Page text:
xis runs from the center of the ball (axes of rotation)
to the top of the BallBot. The position vector that will be compared to this equilibrium position can be
derived by the following 3x1 matrix:
[
∫
∫
∫
]
Eq. 3
The
angular velocities
ω
ψ
, ω
ϕ
, ω
θ
of the BallBot are derived from the Euler angles
θ, ψ,
ϕ
and
represent the angles of rotation about the respective X, Y,
and Z axes. In order to visualize this concept,
Fig
. 9
illustrates
the possible orientation changes of the BallBot in 3D.
The Euler angles represent the
orientation difference between the reference frame (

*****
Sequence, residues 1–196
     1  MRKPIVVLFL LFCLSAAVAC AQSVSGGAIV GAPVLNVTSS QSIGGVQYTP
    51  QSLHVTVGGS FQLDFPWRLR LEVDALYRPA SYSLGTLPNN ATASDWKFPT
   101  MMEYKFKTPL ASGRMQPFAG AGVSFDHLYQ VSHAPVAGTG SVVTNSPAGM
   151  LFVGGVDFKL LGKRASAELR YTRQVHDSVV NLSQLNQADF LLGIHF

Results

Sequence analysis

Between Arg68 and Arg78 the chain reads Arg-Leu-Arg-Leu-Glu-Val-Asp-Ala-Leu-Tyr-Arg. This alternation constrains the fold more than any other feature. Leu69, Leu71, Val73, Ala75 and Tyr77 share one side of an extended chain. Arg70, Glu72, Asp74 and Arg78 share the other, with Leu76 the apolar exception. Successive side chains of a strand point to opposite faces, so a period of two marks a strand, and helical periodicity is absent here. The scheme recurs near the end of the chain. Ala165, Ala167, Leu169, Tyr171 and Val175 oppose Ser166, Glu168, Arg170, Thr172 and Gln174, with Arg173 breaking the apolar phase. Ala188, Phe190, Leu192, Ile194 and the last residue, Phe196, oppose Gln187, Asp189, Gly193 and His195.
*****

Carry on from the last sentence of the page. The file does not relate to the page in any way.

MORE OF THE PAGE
frame 0) 0
0
X
0
Y
0
Z
0
and the frame that is constantly
changing due to the BallBot’s swaying
motion
(frame 1) 0
1
X
1
Y
1
Z
1
.
14
Fig. 9
–
Relationship between Frame 0 and Frame 1
with
respect to their corresponding Euler angles
The position vectors are input into a rotational
matrix and the dot products of the vectors’
components make up the elements of the matrix.
The rotational matrix will be composed of these dot
products as follows:
Eq. 4
15
CONTROL
SYSTEM THEORY
In the following section, a mathematical model of a spherical inverted pendulum will be modeled. The
modeling process will
rely on the Euler

Langrange method. The Lagrange method model the motion of
the inverted spherical pendulum by relying on the energy property of mechanical systems. Before
describing the energy equation, the reference position is defined as well as the re
ference velocity with
respect to a generalized coordinate system, as depicted in
Fig. 11
. The initial assumption is that the